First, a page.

The government issued a clarion call to the private sector last week in the aftermath of the much-hailed Budget 2015. There were the highs and lows but on the whole, the Budget invited the private sector to get moving. Fast. Sounds good but what I, as a woman entrepreneur, would like to know, is can more be done for women-owned businesses?
Globally, the potential of women-owned businesses are recognized and rewarded not only because they encourage and empower greater initiatives by women but also because they bring to the table the potential of new and innovative business ideas. Research shows that 30 percent of all businesses in the USA are women owned. In countries such as the USA, women-owned businesses are encouraged – with a high rate of growth, women are choosing more and more to become entrepreneurs and business owners as they remain firmly committed to seeing their dreams come true.
In Sweden, women make up 23 percent of all business start-ups – the figures remain high for the rest of Europe as well. New Zealand scores high in women-owned businesses and things are looking up for women in Japan too. In Latin America, around 25 percent of all employers tend to be women who run their own businesses. Central and Eastern Asia also score high on seeing more and more women-owning businesses.
On the global scale, governments and institutions remain committed to encouraging and fostering women-owned businesses. It would indeed be good news to women business owners in Sri Lanka to see more being done at a state level, that would boost their potential.
There are many ways in which the government can pursue supporting a women-owned business. Access to credit and financial support may be available at a micro level – so many micro credit institutions go to villages in search of female borrowers – but go a step higher with a small or a medium-scale business, and what you will find is a lot of rhetoric. What we need is a steady, long-term plan that will focus on providing financial support for viable women-owned businesses that will spur others as well. Financial support that can enable them to reach higher, do more and contribute a bigger slice to the economy.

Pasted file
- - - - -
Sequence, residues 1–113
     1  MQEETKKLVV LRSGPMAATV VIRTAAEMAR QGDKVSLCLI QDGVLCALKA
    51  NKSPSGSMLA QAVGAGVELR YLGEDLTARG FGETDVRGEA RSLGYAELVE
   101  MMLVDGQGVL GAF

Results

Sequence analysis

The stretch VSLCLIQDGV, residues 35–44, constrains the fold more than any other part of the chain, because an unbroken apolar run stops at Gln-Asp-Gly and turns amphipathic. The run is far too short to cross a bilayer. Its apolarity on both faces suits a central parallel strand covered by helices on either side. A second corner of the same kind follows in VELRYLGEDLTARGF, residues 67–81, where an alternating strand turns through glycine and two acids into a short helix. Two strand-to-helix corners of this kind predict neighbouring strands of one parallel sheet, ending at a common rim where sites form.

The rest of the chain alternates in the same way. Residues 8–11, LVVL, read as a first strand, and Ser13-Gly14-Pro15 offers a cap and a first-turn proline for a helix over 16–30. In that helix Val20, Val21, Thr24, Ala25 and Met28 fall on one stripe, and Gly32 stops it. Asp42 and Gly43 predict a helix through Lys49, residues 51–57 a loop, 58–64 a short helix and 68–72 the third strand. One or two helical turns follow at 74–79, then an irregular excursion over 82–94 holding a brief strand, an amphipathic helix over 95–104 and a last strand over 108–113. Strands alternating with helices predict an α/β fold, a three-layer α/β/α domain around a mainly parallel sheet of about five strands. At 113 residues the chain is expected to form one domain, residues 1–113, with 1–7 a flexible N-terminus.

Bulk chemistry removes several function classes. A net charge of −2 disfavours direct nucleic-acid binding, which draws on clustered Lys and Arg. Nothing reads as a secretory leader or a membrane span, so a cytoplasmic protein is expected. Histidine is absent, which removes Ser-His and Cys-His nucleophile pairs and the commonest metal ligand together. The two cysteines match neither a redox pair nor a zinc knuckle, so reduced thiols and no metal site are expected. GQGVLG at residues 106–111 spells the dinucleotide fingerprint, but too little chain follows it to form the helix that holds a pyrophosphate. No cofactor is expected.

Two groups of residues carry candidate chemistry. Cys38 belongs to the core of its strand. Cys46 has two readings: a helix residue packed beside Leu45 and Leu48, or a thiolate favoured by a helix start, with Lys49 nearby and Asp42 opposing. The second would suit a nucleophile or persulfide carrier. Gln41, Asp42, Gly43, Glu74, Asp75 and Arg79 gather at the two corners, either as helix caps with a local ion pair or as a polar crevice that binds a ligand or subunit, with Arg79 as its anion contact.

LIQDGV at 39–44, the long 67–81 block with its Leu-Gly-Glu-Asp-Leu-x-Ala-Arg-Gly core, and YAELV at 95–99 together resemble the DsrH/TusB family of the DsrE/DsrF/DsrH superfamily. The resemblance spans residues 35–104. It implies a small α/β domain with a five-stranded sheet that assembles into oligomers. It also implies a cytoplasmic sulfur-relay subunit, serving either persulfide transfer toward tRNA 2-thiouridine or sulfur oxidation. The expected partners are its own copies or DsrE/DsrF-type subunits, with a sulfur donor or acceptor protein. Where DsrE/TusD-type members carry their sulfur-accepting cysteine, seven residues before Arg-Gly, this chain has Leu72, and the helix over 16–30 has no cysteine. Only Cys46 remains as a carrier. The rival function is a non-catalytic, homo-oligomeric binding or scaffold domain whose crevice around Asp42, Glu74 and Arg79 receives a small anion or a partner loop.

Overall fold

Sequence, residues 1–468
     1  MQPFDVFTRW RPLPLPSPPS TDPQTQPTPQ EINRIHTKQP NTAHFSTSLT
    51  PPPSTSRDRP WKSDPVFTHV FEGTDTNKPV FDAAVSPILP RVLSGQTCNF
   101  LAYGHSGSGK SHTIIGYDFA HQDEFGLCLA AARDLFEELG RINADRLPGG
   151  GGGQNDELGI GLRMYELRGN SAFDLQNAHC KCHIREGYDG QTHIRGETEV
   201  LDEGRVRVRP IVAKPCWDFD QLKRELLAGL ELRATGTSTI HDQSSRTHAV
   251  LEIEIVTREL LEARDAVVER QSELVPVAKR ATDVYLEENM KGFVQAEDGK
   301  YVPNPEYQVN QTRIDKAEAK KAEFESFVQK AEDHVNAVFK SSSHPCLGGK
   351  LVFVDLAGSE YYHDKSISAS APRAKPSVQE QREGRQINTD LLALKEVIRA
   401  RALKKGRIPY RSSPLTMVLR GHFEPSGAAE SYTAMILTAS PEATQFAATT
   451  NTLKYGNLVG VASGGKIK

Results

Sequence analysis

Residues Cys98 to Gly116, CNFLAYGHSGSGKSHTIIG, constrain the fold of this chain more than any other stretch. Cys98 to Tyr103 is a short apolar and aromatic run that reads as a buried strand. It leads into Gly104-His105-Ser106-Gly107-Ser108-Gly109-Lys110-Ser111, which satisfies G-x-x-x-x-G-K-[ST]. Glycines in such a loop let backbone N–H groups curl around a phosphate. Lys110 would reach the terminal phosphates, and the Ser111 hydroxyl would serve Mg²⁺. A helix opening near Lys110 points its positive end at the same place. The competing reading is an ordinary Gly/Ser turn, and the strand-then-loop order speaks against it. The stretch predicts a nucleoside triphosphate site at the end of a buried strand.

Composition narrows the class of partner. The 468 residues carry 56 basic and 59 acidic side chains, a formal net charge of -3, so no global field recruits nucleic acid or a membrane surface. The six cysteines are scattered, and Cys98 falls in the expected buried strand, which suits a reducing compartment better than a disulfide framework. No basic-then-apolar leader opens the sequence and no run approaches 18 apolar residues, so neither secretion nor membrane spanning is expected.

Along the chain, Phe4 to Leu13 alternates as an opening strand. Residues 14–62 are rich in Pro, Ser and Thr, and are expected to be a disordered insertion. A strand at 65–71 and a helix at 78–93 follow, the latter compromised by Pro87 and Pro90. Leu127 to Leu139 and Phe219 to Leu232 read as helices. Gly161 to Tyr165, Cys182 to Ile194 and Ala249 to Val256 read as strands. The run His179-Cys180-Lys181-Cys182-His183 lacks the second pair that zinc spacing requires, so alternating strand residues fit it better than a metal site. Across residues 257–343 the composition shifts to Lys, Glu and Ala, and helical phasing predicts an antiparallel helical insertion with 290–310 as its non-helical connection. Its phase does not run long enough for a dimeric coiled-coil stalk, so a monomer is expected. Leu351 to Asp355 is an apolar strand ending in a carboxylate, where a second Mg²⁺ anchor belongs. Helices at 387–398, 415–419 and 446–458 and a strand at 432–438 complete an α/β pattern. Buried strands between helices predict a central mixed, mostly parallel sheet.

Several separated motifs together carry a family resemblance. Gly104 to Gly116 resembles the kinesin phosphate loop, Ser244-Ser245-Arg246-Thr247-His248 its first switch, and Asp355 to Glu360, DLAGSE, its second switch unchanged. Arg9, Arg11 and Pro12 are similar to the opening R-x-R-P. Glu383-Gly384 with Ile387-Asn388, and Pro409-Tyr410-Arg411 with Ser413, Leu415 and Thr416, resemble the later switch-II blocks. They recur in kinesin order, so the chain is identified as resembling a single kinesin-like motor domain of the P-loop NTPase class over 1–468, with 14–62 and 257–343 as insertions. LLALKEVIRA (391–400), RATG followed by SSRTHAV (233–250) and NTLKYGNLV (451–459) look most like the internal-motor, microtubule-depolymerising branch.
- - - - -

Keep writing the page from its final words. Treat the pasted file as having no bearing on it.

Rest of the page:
There are many women out there who have their light bulb moments but who despair for lack of training and focus on building a business. Not everyone is born a Sheryl Sandberg – many do not have access to opportunities and are not able to expand their businesses because they tend to languish at a primary level. The government can help in the initiation of a mechanism that could equip women who own businesses to go one step further and reach the next level of growth.
Entrepreneurship is more attractive to women for many reasons – it encourages them to spend time with their families, engage with the children while managing a business. The government can always encourage these enterprising women by offering incentives for women-owned start-ups with potential. There should be more focus on these aspects than the overall skimming of women-centred issues.
Big businesses may pay lip service to gender relations but often, women struggle with issues they face at work. Working late, managing children, dealing with concerns of caring and minding children and ageing parents are real-life issues that discourage most women from engaging in a full-time career later on in life. They would like to move on into running a small business but do not want to leave their jobs because they need the money. Can the government sponsor mechanisms that would facilitate the transition from employee to employer so that an entire group of women who are budding business owners can venture out?
We all know that child and elderly care facilities tend to be very basic if not non-existent for the most part, in Sri Lanka. The support structures within families are still strong enough to empower the women to depend on family to manage these life issues while working. Can there be better facilities of child and elderly care that could encourage more and more women to enter the workforce? When women leave the workforce and do not engage in any form of business, the labour force suffers and so does the productivity of a nation. Recent statistics from Japan show that the Japanese government wants the women to come back to work because they need more hands to fuel the economic cycle.
There are real-life issues of widows and women-headed households who must engage in some form of self-employment to generate an income. They would benefit tremendously from being involved in efforts that would boost their income, offer training and empower their growth patterns tremendously.
We could persuade big businesses to choose to engage with women-owned small and medium-scale businesses – the more women you benefit, the more families you help keep fed and clothed. You can also encourage women-owned businesses to employ more women, thus creating a powerful cycle of mutual benefit.
It is no secret that Sri Lanka scores low when it comes to political activism among women. But one of the real issues, in my opinion, is encouraging and fostering women-owned businesses to grow and expand, to go beyond the start-up stage and venture out into becoming powerhouses of business. There are many women among us whose talent is on par with anywhere else in the world – they would benefit from state-sponsored initiatives.
Sri Lanka is on the threshold of formidable growth planned for the future; let’s hope that women would form a considerable part of that future.
(Nayomini Weerasooriya, a senior journalist, writer and a PR professional, can be contacted at email@example.com)